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An important conversation: Instruments of Change

Join panelists Ruth Greenfield, Charles Greenfield ’68, Timothy Greenfield-Sanders ’70 and Wendell Graham ’74 for the first Paul Ransom Digital Podium of 2021 on January 13 at 7 p.m. Head of School Penny Townsend will lead a conversation with this illustrious group about the long-term impact of the desegregation efforts led by Ruth Greenfield at her Fine Arts Conservatory, which was featured in the documentary Instruments of Change.

Register here.
The documentary chronicled Ruth's efforts to bring music, dance and art to students of all backgrounds at the Fine Arts Conservatory she founded and operated in Liberty City in the 1950s, defying the segregation practices at the time. Ruth’s effort to use the arts to uplift and unite children reverberated throughout Miami for decades, and touched the lives of her sons Charles Greenfield ’68 and Timothy Greenfield-Sanders ’70, as well as retired judge Wendell Graham ’74 – a student at the conservatory who later became the first Black student at Ransom School. 

You may watch the documentary here


The Honorable Wendell Graham ’74 
RE alumnus and former trustee

Raised in Miami, Wendell Graham was the first Black student to attend Ransom School. As a Fine Arts Conservatory student training in violin, Wendell became acquainted with Ransom through the Greenfield family. Upon graduating from Ransom School in 1974, he attended Columbia University and the University of Miami School of Law. He joined Janet Reno’s State Attorney’s Office in 1983 and subsequently ran a litigation-oriented practice for six years. After serving as a Miami-Dade Court judge for 24 years, he retired in 2018.

Wendell is a former trustee of Ransom Everglades School and currently serves on the school’s Anti-Racism Task Force. He also serves as a mentor in the Judicial Mentor Program of the Supreme Court of Florida.

Charles Greenfield ’68
RE alumnus 

Charles Greenfield is a Miami-based travel writer who has contributed to Travel + Leisure and regional magazines and newspapers. He was the cultural arts contributor to Artsbeat on WLRN 91.3 FM (South Florida’s NPR affiliate), a producer/writer for WLRN Ch. 17’s Artstreet and a reporter on classical and jazz musicians for the Miami Herald and Fort Lauderdale Sun-Sentinel. Charles taught ESL at the University of Paris XII (Creteil) and wrote arts and culture stories for the International Herald Tribune. When not attempting to practice his Chopin Etude in DFlat, op 25, he can be found searching for mutton snapper on the Reward Fishing Fleet out of Bayside.

Ruth Wolkowsky Greenfield
RE parent of alumni

A gifted musician, composer, concert pianist and devoted teacher for over 60 years, Ruth Wolkowsky Greenfield co-founded Florida’s first interracial school for the arts in 1951. The Fine Arts Conservatory was dedicated to bringing music, dance and art to young black and white students in an integrated environment. In 1961, the conservatory had raised enough money to buy a building in Liberty City that served as its permanent location until it closed in 1978. The conservatory eventually expanded to six branches throughout Miami.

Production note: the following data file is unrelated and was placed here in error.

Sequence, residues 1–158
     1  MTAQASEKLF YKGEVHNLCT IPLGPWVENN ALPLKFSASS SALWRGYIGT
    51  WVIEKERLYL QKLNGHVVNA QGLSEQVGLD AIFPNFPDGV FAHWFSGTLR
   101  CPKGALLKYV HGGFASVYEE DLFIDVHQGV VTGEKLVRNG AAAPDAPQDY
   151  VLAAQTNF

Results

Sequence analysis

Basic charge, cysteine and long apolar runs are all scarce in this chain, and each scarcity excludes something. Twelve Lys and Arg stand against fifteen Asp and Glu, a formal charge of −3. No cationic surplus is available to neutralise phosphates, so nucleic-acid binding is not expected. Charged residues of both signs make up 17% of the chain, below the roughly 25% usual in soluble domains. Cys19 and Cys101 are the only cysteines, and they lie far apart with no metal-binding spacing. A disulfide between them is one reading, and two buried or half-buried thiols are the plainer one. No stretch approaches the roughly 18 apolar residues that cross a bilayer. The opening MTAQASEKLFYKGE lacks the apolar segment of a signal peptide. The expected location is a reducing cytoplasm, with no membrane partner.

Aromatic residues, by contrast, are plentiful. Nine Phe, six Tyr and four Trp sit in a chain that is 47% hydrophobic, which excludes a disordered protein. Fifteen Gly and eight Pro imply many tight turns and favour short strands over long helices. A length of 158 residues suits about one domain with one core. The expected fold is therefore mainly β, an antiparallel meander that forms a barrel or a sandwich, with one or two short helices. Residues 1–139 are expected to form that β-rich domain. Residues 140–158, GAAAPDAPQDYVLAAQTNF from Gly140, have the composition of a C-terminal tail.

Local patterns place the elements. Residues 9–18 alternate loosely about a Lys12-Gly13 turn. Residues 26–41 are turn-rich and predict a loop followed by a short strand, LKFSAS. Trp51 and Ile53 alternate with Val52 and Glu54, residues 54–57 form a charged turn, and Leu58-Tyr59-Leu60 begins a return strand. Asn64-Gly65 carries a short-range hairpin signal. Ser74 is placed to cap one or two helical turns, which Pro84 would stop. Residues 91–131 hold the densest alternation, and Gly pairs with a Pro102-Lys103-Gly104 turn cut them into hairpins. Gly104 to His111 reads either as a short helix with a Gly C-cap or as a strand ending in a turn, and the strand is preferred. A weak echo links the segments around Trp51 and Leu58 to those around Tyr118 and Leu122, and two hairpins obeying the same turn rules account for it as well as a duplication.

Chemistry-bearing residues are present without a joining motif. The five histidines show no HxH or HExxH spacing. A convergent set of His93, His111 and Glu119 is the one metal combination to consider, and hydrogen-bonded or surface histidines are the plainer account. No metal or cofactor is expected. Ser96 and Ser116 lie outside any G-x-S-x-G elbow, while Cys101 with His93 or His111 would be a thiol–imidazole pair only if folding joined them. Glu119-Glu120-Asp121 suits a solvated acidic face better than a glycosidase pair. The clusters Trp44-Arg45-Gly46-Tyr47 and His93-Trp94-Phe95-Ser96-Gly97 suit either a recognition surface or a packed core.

Ruth also founded the Lunchtime Lively Arts Series, which was initiated in 1972 and hosted by Miami Dade College, where she taught for 32 years. In 2013, director Steve Waxman released a feature documentary, Instruments of Change, about Ruth and her history with the Fine Arts Conservatory. 

Ruth has four children: New York City photographer, Timothy Greenfield-Sanders ’70, Miami cultural critic, Charles D. Greenfield ’68, published clinical social worker, Alice Greenfield '76 and golfer, Frank Greenfield. 

Timothy Greenfield-Sanders ’70
RE alumnus

Timothy Greenfield-Sanders is a Grammy-winning and Emmy-nominated film director. As a photographer, he has achieved critical acclaim photographing world leaders and major cultural figures, including presidents, writers, artists, actors and musicians. Greenfield-Sanders has produced and directed 13 films, including Lou Reed: Rock and Roll Heart (Grammy Award, 1998), The Black List (NAACP Spirit award, 2008), The Latino List, The Out List, About Face (HBO), The Boomer List, The Women’s List (PBS) and The Trans List (HBO). His most recent film, Toni Morrison: The Pieces I Am, premiered at the Sundance Film Festival in 2019, played in theaters worldwide, won the NAACP Image Award and was nominated for three Emmy Awards Greenfield-Sanders’ photographs are in numerous museum collections including the Museum of Modern Art, The National Portrait Gallery, the Museum of Fine Arts, Houston and The Brooklyn Museum. His books have been published by Bulfinch, Atria, Luxury and Powerhouse. He received a B.A. from Columbia University and an M.F.A. from The American Film Institute. In 2017, he received the Ransom Everglades Founders’ Alumni Award for Distinguished Service to the Community.
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Founded in 1903, Ransom Everglades School is a coeducational, college preparatory day school for grades 6 - 12 located on two campuses in Coconut Grove, Florida. Ransom Everglades School produces graduates who "believe that they are in the world not so much for what they can get out of it as for what they can put into it." The mission of Ransom Everglades School is to provide an educational environment in which the pursuit of honor, academic excellence and intellectual growth is complemented by concern for the physical, cultural and character development of each student. The school provides rigorous college preparation that promotes the student's sense of identity, community, personal integrity and values for a productive and satisfying life, and prepares the student to lead and to contribute to society.